• McDonald’s – The company chose Polymer to design its Menu Board software for stores in 15,000 locations in the US. The modular software structure allowed the company to alter layouts as per every store’s needs.
  • USA Today The news agency used Polymer to help development and design teams collaborate better on their UI redesign project.

Bootstrap vs. Polymer – Pros and Cons

Before you choose a framework, it’s important that you understand the opportunities and shortcomings it brings along. This comparison between Bootstrap and Polymer should help you select the most compatible technology for your application.

Pros of Bootstrap

  • Responsive design – Provides the necessary features of creating a user interface that is responsive in styles and structures and is compatible with multiple platforms.
  • Time-saving – Provides excellent documentation on each component, and its readily available resources help omit the process of writing codes and debug the sites quickly. The CSS preprocessor, LESS, can be used to save time on the custom development process.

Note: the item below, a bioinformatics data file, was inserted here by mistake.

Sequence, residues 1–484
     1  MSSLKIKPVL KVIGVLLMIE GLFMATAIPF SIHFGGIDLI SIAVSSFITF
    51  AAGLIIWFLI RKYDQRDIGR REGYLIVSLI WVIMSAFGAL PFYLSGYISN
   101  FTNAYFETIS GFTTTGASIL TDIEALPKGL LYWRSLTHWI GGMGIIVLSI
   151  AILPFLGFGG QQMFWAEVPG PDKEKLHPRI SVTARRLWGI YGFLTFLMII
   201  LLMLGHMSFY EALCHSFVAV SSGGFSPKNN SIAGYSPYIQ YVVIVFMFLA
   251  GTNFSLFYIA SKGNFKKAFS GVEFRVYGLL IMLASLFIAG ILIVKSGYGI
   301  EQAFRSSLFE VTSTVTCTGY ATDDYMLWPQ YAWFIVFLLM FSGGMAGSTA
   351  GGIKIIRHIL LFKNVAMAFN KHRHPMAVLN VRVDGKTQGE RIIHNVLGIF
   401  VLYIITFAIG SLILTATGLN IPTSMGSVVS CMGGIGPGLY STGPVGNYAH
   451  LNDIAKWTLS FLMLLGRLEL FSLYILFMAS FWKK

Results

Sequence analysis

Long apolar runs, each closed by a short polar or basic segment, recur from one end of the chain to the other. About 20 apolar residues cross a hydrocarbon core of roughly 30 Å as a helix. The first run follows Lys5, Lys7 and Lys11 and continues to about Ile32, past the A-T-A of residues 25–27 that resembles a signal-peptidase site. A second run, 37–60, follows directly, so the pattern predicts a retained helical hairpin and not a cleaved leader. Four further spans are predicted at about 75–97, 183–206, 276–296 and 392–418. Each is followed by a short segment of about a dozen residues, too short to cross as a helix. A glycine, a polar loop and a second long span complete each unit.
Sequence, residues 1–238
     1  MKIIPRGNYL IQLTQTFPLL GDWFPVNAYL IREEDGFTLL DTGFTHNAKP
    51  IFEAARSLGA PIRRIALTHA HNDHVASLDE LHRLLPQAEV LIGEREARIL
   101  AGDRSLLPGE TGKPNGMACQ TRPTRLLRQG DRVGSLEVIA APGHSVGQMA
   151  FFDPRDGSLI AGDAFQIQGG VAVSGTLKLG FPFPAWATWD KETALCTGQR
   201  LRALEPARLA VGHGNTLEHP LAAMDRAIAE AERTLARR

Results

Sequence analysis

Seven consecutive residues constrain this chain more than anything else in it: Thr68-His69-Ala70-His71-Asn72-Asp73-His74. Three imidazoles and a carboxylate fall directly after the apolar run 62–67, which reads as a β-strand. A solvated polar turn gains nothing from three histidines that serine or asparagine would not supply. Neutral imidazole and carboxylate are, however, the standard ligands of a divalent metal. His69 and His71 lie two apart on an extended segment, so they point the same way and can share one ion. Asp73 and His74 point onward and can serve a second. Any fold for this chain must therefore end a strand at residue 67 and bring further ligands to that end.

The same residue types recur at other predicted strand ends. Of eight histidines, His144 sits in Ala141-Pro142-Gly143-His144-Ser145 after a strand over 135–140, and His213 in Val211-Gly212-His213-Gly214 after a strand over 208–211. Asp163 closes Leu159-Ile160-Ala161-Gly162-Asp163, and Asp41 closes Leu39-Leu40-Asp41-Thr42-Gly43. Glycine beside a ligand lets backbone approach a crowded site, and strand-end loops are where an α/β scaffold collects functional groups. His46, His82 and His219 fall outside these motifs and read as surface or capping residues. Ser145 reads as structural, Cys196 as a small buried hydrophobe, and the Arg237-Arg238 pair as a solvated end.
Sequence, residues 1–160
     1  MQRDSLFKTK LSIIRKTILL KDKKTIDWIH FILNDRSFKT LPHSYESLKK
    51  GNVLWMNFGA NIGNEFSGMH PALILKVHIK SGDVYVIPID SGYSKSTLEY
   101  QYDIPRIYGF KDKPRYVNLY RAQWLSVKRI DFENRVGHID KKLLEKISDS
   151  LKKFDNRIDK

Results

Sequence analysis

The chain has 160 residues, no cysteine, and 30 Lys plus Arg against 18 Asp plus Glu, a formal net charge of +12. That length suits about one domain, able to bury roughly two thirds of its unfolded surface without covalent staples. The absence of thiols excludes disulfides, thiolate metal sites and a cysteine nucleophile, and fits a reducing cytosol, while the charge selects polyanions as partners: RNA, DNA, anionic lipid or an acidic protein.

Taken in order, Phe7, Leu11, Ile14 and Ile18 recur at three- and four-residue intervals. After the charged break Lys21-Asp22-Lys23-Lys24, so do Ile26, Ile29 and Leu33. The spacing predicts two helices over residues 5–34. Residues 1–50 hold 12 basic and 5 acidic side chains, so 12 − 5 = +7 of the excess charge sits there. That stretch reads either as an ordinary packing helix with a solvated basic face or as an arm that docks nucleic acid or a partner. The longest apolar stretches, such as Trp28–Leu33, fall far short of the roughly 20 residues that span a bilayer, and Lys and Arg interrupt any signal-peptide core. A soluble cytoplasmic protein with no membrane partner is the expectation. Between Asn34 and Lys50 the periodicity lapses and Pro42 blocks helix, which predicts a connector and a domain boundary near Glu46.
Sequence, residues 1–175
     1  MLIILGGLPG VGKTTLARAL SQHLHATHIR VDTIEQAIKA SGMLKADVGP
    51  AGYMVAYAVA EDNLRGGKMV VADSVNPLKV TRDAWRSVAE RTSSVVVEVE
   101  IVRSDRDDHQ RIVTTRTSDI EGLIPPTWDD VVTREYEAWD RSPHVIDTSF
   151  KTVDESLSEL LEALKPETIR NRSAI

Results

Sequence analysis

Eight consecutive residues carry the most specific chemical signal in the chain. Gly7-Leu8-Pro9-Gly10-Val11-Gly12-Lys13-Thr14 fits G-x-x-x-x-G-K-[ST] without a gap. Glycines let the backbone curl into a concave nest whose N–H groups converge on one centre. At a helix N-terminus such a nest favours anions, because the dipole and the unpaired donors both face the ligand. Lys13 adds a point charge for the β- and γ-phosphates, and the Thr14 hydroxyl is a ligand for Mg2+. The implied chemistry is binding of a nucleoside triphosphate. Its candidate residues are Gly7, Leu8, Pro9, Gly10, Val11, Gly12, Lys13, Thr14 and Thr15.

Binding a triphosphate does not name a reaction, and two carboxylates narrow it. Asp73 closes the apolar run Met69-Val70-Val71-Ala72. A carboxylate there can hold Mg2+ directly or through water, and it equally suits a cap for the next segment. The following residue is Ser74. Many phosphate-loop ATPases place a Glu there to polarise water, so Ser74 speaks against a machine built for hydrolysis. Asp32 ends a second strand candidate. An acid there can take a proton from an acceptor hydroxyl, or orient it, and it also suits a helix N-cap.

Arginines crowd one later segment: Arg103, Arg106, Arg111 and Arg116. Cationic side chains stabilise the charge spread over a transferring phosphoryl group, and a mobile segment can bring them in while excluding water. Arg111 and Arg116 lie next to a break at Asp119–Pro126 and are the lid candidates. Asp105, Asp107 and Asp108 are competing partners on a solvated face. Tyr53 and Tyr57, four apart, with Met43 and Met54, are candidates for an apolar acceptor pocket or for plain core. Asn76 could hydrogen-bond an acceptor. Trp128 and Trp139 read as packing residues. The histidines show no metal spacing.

• Styling Components – Provides various user templates, themes, and plugins and a grid system that are free and customizable as per project requirements.
  • Consistency and Compatibility – Excellent CSS and Javascript compatibility enables excellent cross-browser consistency
  • Substantial community support – A free and open-source framework available on Github with significant community support contributing to its development.

Cons of Bootstrap

  • Similar website templates – Usually criticized for having limited templates, making websites and applications made with Bootstrap look the same. Avoiding this similarity might require extensive manual customization which can be time-consuming and beats the purpose of using this framework.
  • Learning curve – Developers may have to invest some time, though depending on their prior knowledge of frontend technologies, to learn more about the class components and combinations.
  • Rewriting and Overriding – Significant amount of customization might lead to deviation from the customary Bootstrap designs, creating compatibility and consistency issues.

Pros of Polymer

  • Creating Custom Elements – Developers can leverage the functionality to compose enclosed HTML, CSS, and JS as custom elements.